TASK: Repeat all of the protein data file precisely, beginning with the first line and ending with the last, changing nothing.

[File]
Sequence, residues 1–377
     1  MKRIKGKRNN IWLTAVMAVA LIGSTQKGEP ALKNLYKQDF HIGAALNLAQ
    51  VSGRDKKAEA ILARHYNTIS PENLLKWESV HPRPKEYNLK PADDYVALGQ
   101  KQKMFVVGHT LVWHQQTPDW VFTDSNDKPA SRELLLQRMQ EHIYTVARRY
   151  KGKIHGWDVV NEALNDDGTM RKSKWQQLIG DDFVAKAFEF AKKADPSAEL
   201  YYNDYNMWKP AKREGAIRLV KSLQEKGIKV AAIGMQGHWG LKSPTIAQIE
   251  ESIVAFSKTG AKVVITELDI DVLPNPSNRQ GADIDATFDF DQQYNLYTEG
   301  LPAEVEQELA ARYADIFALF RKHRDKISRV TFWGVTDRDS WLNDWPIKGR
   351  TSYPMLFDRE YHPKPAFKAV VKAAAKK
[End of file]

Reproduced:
Sequence, residues 1–377
     1  MKRIKGKRNN IWLTAVMAVA LIGSTQKGEP ALKNLYKQDF HIGAALNLAQ
    51  VSGRDKKAEA ILARHYNTIS PENLLKWESV HPRPKEYNLK PADDYVALGQ
   101  KQKMFVVGHT LVWHQQTPDW VFTDSNDKPA SRELLLQRMQ EHIYTVARRY
   151  KGKIHGWDVV NEALNDDGTM RKSKWQQLIG DDFVAKAFEF AKKADPSAEL
   201  YYNDYNMWKP AKREGAIRLV KSLQEKGIKV AAIGMQGHWG LKSPTIAQIE
   251  ESIVAFSKTG AKVVITELDI DVLPNPSNRQ GADIDATFDF DQQYNLYTEG
   301  LPAEVEQELA ARYADIFALF RKHRDKISRV TFWGVTDRDS WLNDWPIKGR
   351  TSYPMLFDRE YHPKPAFKAV VKAAAKK